"The leaders of the majority party in the House and Senate are likely to reflect the views of their party's adherents," two Harvard University scholars concluded in The New England Journal of Medicine. Their view is supported by public polling that shows a highly partisan assessment of the law. A Pew Research Center poll in September found that 83 percent of Republican likely voters say they want the law repealed or scaled back, an overwhelming sentiment that would be hard to ignore if Congress is in all-Republican hands next year.
But Mr. Obama would veto any attempt to repeal the law, so Republicans are left with lesser options.
Under Mr. Gillespie's plan, tax credits would be used by those without access to employer-provided health care to buy insurance on the individual or small-group market. People with an existing medical condition could not be dropped or see premiums rise as long as they maintained constant coverage. Those with existing health problems who could not find health plans would go to "high-risk pools" run by the states but financed with $7.5 billion in federal funds, an amount that would rise 3 percent a year.
According to the Center for Health Economy, whose board includes conservative and liberal health care economists, the plan would leave about six million fewer people insured in a decade, primarily because it would roll back Medicaid expansion. But, the center said, it would also lower the cost of less comprehensive health insurance plans, expand access to health care providers and cost $1 trillion less than the Affordable Care Act.
"In order to repeal Obamacare, we must present an alternative that is both practically effective and politically viable," Mr. Gillespie said when he unveiled his plan. "Repeal efforts in the absence of an alternative plan have repeatedly fallen short."
Under Mr. McFadden's plan, states that have established insurance exchanges under the health care law could keep them, and some federal subsidies could be available in the form of block grants to state governments. He, too, would establish state-run high-risk pools for people with existing conditions, at a cost he estimated to be $15 billion a year, much of which would come from Washington.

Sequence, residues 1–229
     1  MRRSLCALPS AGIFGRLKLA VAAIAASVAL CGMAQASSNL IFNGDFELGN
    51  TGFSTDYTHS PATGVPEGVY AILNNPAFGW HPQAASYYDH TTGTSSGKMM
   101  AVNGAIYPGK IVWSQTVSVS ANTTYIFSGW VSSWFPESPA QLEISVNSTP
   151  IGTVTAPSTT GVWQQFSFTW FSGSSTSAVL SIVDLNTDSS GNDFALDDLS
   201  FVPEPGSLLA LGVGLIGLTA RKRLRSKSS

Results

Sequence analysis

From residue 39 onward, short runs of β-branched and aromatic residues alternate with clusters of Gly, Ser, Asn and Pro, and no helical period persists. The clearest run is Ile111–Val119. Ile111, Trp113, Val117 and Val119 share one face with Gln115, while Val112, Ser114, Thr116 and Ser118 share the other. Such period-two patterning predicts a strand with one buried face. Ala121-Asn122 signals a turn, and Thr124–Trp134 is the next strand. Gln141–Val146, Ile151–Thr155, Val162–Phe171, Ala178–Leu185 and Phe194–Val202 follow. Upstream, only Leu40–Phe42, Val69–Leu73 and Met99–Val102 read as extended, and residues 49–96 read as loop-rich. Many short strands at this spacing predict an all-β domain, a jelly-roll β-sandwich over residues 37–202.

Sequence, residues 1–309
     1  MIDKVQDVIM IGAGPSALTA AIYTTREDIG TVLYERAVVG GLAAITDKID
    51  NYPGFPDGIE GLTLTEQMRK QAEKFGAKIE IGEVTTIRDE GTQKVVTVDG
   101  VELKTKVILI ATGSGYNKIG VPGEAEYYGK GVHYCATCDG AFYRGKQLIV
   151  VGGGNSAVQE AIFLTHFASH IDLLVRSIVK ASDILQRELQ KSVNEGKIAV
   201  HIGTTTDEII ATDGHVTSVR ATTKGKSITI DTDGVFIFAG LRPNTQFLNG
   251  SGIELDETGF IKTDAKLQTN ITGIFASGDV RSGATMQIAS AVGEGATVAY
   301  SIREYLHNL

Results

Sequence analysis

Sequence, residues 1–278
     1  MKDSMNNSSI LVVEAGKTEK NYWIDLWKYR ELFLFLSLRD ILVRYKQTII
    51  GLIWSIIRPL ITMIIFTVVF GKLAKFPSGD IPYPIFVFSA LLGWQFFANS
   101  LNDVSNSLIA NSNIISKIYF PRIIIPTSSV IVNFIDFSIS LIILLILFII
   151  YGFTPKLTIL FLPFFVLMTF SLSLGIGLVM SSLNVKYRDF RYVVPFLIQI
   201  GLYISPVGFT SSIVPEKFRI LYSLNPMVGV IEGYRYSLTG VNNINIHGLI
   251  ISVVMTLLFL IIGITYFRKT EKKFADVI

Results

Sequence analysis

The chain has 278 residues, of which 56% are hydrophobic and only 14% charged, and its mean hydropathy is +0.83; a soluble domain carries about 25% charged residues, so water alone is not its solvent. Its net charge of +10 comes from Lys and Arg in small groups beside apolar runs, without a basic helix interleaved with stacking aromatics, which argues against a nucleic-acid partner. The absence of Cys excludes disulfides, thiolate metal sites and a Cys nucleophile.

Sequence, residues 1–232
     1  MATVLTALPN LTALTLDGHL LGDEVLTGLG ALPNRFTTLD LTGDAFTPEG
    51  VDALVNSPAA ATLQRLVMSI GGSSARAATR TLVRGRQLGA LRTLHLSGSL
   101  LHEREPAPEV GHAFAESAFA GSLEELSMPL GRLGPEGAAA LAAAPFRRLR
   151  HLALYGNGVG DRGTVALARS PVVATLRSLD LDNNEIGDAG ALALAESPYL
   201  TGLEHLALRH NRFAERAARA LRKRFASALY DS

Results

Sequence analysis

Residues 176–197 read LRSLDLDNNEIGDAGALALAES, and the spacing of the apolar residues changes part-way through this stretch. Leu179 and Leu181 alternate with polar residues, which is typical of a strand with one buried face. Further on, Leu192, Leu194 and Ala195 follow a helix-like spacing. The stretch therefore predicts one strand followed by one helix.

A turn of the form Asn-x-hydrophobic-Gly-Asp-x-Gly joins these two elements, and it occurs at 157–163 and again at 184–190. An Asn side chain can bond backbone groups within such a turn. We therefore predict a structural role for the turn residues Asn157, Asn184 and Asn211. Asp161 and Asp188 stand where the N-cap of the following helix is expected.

Unlike Mr. Gillespie, Mr. McFadden explicitly calls for maintaining the health care law's ban on lifetime coverage limits by private insurers.
At this point, the argument over whether to repeal and replace the health care law or change it is "largely semantic," said Douglas Holtz-Eakin, a Republican member of the Center for Health Economy board who assessed Mr. Gillespie's plan. There are now at least five Republican replacement plans, and almost all of them share elements with the Affordable Care Act: tax credits to buy health insurance, protections for people with existing medical problems, a cap on the tax deductibility of employer-provided health insurance, and some definition of the kinds of health plans eligible for federal subsidies.
Senior Senate Republicans are already examining how they could use a parliamentary budget rule called reconciliation to gut the health care law, by curtailing or eliminating tax credits used to purchase insurance on the law's health exchanges and repealing its tax increases. Under reconciliation, such a move could not be filibustered by Democrats, but it could be vetoed by the president.
And reconciliation could not be used to alter parts of the law, such as regulations and mandates, that do not affect federal spending or revenues.
"It would take 60 votes in the Senate," Mr. McConnell told Fox News. "No one thinks we're going to have 60 Republicans, and it would take a presidential signature."
With millions of Americans already covered under the law and the second open-enrollment period beginning Nov. 15, it is unclear how forceful a Republican-controlled Congress would be.
If Republicans approach health care modestly and seek changes with bipartisan support, such as a repeal of the law's tax on medical devices, Democrats say they will be put in a difficult spot. If Republican leaders give their conservative voters what they want, it could enable the president's party to stage a comeback in 2016 by creating a clash over insurance coverage that Democrats think they could win.
"When I'm sitting in Washington in January, that means there's something like 10, 11, 12 new Republican senators," said Mr. McFadden, who, if he wins, will have caught a very large Republican wave. "I guarantee you we will believe we have a mandate to reform health care."
Correction: October 31, 2014
An earlier version of this article misstated one of the positions of Ed Gillespie, the Republican Senate candidate in Virginia. He is a former lobbyist, not a lobbyist.
By Jonathan Weisman
Source: The New York Times